• 2019 Update 7
  • 03/31/2020
Contents

Job Schedulers Support

Intel® MPI Library Developer Guide for Linux* OS
Intel® MPI Library supports the majority of commonly used job schedulers in the HPC field.
The following job schedulers are supported on Linux* OS:
  • Altair* PBS Pro*
  • Torque*
  • OpenPBS*
  • IBM* Platform LSF*
  • Parallelnavi* NQS*
  • SLURM*
  • Univa* Grid Engine*
The Hydra Process manager detects Job Schedulers automatically by checking specific environment variables. These variables are used to determine how many nodes were allocated, which nodes, and the number of processes per tasks.

Altair* PBS Pro*, TORQUE*, and OpenPBS*

If you use one of these job schedulers, and
$PBS_ENVIRONMENT
exists with the value
PBS_BATCH
or
PBS_INTERACTIVE
,
mpirun
uses
$PBS_NODEFILE
as a machine file for
mpirun
. You do not need to specify the
–machinefile
option explicitly.
An example of a batch job script may look as follows:
#PBS –l nodes=4:ppn=4 #PBS –q queue_name cd $PBS_O_WORKDIR mpirun –n 16 ./myprog

IBM* Platform LSF*

The IBM* Platform LSF* job scheduler is detected automatically if the
$LSB_MCPU_HOSTS
and
$LSF_BINDIR
environment variables are set.
The Hydra process manager uses these variables to determine how many nodes were allocated, which nodes, and the number of processes per tasks. To run processes on the remote nodes, the Hydra process manager uses the
blaunch
utility by default. This utility is provided by the IBM* Platform LSF*.
The number of processes, the number of processes per node, and node names may be overridden by the usual Hydra options (-n, -ppn, -hosts).
Examples:
bsub -n 16 mpirun ./myprog bsub -n 16 mpirun -n 2 -ppn 1 ./myprog

Parallelnavi NQS*

If you use Parallelnavi NQS* job scheduler and the
$ENVIRONMENT
,
$QSUB_REQID
,
$QSUB_NODEINF
options are set, the
$QSUB_NODEINF
file is used as a machine file for
mpirun
. Also,
/usr/bin/plesh
is used as remote shell by the process manager during startup.

SLURM*

If the
$SLURM_JOBID
is set, the
$SLURM_TASKS_PER_NODE
,
$SLURM_NODELIST
environment variables will be used to generate a machine file for
mpirun
. The name of the machine file is
/tmp/slurm_${username}.$$
. The machine file will be removed when the job is completed.
For example, to submit a job, run the command:
$ srun -N2 --nodelist=host1,host2 -A $ mpirun -n 2 ./myprog
To enable PMI2, set I_MPI_PMI_LIBRARY and specify --mpi option:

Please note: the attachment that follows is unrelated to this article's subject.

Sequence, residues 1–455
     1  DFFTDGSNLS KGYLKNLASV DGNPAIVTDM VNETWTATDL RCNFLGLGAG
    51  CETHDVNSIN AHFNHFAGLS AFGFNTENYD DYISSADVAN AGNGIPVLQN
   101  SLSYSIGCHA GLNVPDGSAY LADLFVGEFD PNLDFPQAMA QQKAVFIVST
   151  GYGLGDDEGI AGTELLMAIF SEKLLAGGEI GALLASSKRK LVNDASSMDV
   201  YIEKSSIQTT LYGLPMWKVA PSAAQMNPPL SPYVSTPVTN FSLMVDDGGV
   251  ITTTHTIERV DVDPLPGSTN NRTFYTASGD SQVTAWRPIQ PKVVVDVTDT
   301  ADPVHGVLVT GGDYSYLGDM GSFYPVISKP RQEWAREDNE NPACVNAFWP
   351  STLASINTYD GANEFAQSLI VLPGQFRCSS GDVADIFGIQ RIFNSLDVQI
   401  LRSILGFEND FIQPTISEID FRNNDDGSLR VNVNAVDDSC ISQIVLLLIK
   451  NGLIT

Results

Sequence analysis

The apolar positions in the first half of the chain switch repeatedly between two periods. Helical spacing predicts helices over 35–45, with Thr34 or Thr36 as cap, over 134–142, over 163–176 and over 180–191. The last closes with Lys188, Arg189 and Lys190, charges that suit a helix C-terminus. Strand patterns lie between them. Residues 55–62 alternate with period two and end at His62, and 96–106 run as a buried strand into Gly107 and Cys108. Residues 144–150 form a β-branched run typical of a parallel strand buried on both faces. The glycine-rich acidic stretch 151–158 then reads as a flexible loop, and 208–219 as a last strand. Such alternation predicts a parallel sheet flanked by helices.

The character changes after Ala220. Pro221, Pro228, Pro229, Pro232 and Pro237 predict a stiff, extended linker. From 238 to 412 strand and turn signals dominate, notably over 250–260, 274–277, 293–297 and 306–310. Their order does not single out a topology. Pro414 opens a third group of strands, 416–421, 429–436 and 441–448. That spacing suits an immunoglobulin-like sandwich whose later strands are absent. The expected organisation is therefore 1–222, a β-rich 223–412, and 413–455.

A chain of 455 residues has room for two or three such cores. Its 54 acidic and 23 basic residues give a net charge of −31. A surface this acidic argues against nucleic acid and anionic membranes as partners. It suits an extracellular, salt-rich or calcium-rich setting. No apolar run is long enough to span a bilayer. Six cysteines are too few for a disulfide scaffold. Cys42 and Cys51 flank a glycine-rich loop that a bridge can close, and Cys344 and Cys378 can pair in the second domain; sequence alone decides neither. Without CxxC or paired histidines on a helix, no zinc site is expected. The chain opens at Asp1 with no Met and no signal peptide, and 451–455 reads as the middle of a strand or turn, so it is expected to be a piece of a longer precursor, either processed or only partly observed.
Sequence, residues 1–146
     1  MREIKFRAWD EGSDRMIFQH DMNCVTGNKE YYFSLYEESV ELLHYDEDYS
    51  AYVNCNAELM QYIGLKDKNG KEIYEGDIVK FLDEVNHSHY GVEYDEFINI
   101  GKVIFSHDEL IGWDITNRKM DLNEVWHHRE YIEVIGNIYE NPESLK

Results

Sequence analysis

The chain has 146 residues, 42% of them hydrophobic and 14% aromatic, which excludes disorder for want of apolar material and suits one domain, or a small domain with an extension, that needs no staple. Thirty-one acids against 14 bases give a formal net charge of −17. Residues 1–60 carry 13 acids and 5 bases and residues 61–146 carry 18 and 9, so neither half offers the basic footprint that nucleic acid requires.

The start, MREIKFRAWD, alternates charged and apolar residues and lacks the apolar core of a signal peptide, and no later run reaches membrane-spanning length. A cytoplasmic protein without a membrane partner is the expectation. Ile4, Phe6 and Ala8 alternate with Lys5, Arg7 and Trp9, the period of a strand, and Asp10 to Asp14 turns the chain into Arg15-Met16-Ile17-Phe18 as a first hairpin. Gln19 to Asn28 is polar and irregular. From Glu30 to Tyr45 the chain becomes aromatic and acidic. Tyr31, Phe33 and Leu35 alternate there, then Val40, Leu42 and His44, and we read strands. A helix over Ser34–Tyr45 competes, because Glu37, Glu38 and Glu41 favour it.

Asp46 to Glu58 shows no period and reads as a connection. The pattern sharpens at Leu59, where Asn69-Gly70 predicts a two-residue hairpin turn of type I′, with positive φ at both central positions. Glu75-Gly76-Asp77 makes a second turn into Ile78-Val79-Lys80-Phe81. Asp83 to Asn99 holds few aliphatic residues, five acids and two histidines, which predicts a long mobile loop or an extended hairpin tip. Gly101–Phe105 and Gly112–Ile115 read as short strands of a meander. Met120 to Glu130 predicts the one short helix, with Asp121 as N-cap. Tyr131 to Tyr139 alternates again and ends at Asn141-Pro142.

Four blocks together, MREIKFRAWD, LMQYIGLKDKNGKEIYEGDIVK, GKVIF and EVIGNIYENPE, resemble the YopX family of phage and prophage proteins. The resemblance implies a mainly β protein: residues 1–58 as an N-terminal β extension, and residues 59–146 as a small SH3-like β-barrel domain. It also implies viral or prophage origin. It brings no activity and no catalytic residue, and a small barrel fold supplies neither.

$ I_MPI_PMI_LIBRARY=<path to libpmi2.so>/libpmi2.so srun --mpi=pmi2 <application>

Univa* Grid Engine*

If you use the Univa* Grid Engine* job scheduler and the
$PE_HOSTFILE
is set, then two files will be generated:
/tmp/sge_hostfile_${username}_$$
and
/tmp/sge_machifile_${username}_$$
. The latter is used as the machine file for
mpirun
. These files are removed when the job is completed.

SIGINT, SIGTERM Signals Intercepting

If resources allocated to a job exceed the limit, most job schedulers terminate the job by sending a signal to all processes.
For example, Torque* sends
SIGTERM
three times to a job and if this job is still alive,
SIGKILL
will be sent to terminate it.
For Univa* Grid Engine*, the default signal to terminate a job is
SIGKILL
. Intel® MPI Library is unable to process or catch that signal causing
mpirun
to kill the entire job. You can change the value of the termination signal through the following queue configuration:
  1. Use the following command to see available queues:
    $ qconf -sql
  2. Execute the following command to modify the queue settings:
    $ qconf -mq <queue_name>
  3. Find
    terminate_method
    and change signal to
    SIGTERM
    .
  4. Save queue configuration.

Controlling Per-Host Process Placement

When using a job scheduler, by default Intel MPI Library uses per-host process placement provided by the scheduler. This means that the
-ppn
option has no effect. To change this behavior and control process placement through
-ppn
(and related options and variables), use the
I_MPI_JOB_RESPECT_PROCESS_PLACEMENT
environment variable:
$ export I_MPI_JOB_RESPECT_PROCESS_PLACEMENT=off

Product and Performance Information

1

Intel's compilers may or may not optimize to the same degree for non-Intel microprocessors for optimizations that are not unique to Intel microprocessors. These optimizations include SSE2, SSE3, and SSSE3 instruction sets and other optimizations. Intel does not guarantee the availability, functionality, or effectiveness of any optimization on microprocessors not manufactured by Intel. Microprocessor-dependent optimizations in this product are intended for use with Intel microprocessors. Certain optimizations not specific to Intel microarchitecture are reserved for Intel microprocessors. Please refer to the applicable product User and Reference Guides for more information regarding the specific instruction sets covered by this notice.

Notice revision #20110804